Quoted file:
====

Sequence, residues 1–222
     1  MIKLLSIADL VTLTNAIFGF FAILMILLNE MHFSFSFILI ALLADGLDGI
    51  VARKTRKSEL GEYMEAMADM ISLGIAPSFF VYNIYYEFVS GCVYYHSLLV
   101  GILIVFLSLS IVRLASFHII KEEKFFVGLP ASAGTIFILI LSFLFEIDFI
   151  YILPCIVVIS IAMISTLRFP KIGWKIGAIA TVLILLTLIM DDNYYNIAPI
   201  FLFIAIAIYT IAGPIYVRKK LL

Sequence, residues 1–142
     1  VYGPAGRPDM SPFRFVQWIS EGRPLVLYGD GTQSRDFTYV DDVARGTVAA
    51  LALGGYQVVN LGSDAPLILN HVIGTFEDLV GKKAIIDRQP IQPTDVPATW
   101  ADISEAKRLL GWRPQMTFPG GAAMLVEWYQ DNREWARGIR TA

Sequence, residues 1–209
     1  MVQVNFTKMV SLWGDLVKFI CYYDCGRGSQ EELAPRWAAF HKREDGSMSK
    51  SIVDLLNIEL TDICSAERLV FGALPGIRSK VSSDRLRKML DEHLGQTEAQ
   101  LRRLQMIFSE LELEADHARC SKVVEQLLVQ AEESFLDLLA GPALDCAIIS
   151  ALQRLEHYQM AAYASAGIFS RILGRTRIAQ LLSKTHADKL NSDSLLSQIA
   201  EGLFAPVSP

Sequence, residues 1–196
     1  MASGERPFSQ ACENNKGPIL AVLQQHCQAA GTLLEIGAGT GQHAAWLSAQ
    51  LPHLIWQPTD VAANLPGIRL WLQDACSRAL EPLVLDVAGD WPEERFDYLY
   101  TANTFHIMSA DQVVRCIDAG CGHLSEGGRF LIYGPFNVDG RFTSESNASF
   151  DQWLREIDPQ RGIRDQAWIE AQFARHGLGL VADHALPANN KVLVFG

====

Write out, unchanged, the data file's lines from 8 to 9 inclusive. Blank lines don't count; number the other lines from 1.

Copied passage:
     1  VYGPAGRPDM SPFRFVQWIS EGRPLVLYGD GTQSRDFTYV DDVARGTVAA
    51  LALGGYQVVN LGSDAPLILN HVIGTFEDLV GKKAIIDRQP IQPTDVPATW